GM and Chrysler may have gotten government help totaling almost $40 billion, but that money does not come with strings attached demanding that the two companies build electric or high-mpg cars. Government task force head Ron Bloom told Reuters that, "We obviously would be very happy if Chrysler and GM were making lots and lots of high mileage cars. It's not a prerequisite. It's not an obligation."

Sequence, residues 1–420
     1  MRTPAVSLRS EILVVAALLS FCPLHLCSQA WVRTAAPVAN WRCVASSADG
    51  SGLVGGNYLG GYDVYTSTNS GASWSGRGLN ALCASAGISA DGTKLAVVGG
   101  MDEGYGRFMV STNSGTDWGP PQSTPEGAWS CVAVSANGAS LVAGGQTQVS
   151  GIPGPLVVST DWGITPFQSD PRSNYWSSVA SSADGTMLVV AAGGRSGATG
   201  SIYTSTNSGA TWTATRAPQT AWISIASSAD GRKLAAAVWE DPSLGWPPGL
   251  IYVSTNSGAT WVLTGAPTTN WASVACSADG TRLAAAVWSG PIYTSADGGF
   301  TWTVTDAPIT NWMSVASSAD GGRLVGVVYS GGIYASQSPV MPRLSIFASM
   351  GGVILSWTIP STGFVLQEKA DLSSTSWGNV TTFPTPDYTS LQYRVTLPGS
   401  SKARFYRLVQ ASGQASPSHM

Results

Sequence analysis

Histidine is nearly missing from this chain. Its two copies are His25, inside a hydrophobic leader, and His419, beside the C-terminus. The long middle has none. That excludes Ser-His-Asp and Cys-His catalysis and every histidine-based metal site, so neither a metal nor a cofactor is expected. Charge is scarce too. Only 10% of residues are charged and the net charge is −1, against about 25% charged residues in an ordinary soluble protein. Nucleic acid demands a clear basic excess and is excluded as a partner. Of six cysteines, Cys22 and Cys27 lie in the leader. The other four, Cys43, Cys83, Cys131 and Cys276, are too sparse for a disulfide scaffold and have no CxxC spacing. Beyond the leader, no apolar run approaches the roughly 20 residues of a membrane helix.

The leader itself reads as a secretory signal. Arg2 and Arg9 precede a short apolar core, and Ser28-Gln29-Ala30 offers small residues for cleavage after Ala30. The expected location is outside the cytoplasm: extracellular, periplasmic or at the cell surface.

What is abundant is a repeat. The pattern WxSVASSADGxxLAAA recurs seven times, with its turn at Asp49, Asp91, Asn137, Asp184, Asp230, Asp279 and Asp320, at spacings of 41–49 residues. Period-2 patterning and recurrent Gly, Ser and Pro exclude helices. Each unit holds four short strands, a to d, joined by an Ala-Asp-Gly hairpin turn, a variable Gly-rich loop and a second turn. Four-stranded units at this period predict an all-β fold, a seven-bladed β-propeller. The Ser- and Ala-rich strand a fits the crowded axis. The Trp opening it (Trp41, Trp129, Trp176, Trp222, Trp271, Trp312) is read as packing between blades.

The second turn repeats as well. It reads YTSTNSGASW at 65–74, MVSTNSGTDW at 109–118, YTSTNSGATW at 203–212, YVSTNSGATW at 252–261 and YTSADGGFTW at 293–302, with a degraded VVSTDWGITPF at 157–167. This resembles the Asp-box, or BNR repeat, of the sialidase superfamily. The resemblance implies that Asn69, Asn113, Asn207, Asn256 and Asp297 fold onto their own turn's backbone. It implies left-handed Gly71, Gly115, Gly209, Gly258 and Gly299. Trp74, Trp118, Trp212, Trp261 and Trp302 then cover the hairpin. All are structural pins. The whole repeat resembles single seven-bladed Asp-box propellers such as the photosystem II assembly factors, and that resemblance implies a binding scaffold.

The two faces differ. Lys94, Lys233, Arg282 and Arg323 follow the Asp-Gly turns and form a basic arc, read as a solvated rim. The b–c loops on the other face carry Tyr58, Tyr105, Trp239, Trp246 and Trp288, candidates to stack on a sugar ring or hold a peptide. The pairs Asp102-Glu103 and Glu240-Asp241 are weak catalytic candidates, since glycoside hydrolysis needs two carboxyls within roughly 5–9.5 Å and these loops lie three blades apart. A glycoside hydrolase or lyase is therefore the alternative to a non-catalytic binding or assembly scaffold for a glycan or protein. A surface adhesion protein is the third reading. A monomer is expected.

While the U.S. as a whole would benefit if the cars on the road were more efficient, the government's stance is understandably self-serving. The market for EVs isn't that big, and if the U.S. wants the loan money returned, they need GM and Chrysler to build vehicles they can sell. Another reason is that the government doesn't want to get involved in making specific business decisions, and is deferring to the management teams at both companies on these issues. Chrysler's team has decided to disband its ENVI group while GM keeps moving forward with the Volt program. One way the government can get cleaner cars to the market is to raise CAFE standards, which they did earlier this year.